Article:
Maple Leaf Foods (TSX:MFI) Stock Fell 13.5% After Huge Earnings Miss

Maple Leaf Foods released its third-quarter results and disappointed investors. Here’s why the stock is not yet a “buy” despite the recent decline.

| More on:
cup of cappuccino with a sad face

Image source: Getty Images

Shares of Maple Leaf Foods (TSX:MFI) fell over 13.5% on October 30, 2019. The company announced its third-quarter results yesterday and reported sales of $995.8 million with adjusted earnings of $0.03. While sales rose 13.8% year over year, MFI’s earnings fell by a substantial 89.7%.

Analysts estimated MFI to post revenue of $982.92 million and earnings of $0.31 in the September quarter. We can see that the stock is trading lower due to the massive earnings miss.

What drove sales for MFI in Q3?

Maple Leaf Foods is a Canada-based consumer protein company. It processes and produces meal kits, prepared meat, and value-added pork and poultry products. Maple Leaf Foods manages the production of live hogs. It has a hog production operation in 200 locations in Manitoba and Saskatchewan.

The company is now also focusing on the development of plant-based protein products to expand its product portfolio and drive sales higher.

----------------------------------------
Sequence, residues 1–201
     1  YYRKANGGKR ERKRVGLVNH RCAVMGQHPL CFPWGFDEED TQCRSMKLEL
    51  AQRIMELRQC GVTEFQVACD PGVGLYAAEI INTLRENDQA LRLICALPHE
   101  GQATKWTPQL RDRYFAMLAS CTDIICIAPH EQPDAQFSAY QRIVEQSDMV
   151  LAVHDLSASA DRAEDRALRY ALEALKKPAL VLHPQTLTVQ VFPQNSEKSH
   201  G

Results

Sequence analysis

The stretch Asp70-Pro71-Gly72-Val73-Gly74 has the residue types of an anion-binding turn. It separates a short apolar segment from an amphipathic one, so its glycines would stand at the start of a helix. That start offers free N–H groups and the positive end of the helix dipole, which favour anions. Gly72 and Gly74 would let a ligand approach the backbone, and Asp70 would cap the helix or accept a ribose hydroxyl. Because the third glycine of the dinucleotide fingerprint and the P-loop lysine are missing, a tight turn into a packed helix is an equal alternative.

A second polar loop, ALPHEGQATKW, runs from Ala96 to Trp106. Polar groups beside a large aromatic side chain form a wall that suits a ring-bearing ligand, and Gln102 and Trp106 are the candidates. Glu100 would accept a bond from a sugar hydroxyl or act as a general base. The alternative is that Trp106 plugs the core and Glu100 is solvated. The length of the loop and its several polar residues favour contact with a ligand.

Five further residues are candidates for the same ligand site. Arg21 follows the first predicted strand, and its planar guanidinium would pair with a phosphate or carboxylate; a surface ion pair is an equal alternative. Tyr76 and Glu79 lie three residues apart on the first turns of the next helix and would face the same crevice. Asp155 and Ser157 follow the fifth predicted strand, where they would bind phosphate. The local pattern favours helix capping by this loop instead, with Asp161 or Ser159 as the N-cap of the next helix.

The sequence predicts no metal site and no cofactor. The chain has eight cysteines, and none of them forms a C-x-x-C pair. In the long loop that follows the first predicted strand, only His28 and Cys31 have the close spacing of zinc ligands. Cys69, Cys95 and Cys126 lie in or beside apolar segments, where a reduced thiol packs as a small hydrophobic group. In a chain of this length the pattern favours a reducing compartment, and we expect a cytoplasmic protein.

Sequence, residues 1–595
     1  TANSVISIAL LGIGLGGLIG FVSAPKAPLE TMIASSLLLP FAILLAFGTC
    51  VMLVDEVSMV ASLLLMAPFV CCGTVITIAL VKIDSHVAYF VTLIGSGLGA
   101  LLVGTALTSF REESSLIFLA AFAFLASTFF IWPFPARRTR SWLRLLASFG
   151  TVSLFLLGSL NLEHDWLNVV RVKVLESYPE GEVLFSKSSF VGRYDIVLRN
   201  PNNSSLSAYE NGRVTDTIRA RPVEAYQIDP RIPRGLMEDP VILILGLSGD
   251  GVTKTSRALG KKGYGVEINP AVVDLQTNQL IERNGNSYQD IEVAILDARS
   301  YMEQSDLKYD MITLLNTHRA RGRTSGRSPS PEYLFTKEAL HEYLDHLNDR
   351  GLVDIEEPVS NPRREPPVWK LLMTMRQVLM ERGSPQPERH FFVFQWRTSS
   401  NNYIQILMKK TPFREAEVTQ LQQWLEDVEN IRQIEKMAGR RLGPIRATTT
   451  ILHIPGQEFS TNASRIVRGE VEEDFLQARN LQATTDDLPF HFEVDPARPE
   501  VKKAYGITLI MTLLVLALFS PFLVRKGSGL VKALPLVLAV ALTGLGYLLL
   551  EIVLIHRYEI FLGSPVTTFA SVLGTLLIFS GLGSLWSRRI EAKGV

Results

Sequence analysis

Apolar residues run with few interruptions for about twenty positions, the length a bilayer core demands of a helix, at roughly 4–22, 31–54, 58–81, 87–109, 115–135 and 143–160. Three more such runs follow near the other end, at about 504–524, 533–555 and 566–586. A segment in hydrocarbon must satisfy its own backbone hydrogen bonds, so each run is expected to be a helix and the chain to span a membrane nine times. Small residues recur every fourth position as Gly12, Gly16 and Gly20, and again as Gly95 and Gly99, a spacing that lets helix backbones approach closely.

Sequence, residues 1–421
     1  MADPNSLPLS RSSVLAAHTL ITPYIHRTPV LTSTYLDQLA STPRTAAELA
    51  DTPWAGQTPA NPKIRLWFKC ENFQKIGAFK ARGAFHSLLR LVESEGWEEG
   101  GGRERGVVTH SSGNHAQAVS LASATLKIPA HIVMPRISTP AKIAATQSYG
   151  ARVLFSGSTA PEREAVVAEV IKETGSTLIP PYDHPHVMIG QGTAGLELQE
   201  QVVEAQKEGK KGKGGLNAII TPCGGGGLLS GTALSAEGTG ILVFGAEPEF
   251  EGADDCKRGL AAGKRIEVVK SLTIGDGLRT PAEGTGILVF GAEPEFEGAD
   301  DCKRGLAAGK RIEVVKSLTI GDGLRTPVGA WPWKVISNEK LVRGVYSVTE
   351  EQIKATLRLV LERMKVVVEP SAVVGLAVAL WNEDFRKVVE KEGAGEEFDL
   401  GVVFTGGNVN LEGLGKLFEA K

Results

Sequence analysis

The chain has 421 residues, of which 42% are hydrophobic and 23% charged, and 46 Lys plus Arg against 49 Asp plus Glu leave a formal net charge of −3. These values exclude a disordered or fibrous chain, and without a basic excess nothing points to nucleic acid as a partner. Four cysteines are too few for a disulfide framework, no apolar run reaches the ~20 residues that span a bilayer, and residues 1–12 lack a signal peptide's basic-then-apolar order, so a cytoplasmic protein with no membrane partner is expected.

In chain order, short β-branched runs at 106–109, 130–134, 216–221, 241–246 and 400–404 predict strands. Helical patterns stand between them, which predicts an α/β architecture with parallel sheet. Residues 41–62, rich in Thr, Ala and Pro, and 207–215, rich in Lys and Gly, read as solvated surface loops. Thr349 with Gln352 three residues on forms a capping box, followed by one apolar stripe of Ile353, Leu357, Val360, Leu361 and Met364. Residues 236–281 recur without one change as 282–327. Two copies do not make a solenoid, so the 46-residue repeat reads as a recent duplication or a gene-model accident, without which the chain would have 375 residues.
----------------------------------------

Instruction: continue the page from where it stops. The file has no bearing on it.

MFI’s meat protein business segment saw sales rise by 13.7% to $953.3 million in the third quarter. Sales rose 4.8% after accounting for inorganic growth via acquisitions. Revenue in the September quarter was driven by the expansion of sustainable meat and strong demand from the United States.

The plant protein group consists of premium grain-based protein and vegan cheese products. These products are sold in retail, food service, and industrial channels. Sales in the plant protein group rose 30.1% to $47 million in the third quarter. This segment accounted for just 4.7% of total revenue in Q3.

China pork ban severely impacted the bottom line

MFI attributed the earnings decline to the pork ban in China. A few months back, China temporarily banned Canada’s pork products after it discovered several fake export certificates for these products.

Over 37,000 animals worldwide have died from exposure to the African Swine Fever (ASF) virus, according to Western Hog Exchange. The outbreak has been severe in China and other southeast Asian countries such as Vietnam. This has also led to volatility in hog prices throughout 2019.

MFI expects the ASF to lead the shortage of pork protein products in China. This will increase the pricing of lean and processed hogs at a global level. MFI is looking to mitigate the impact of China’s pork ban by expanding into other markets and focusing on inventory-management strategies.

The profit margins for Maple Leaf Foods were driven lower by its increasing investment in the plant-based meat protein vertical. This segment is a high-growth business and will continue to grow at a rapid pace. Beyond Meat, a U.S.-based company, is a major player in the alternative meat segment. It went public earlier this year and is valued at 19.5 times forward sales.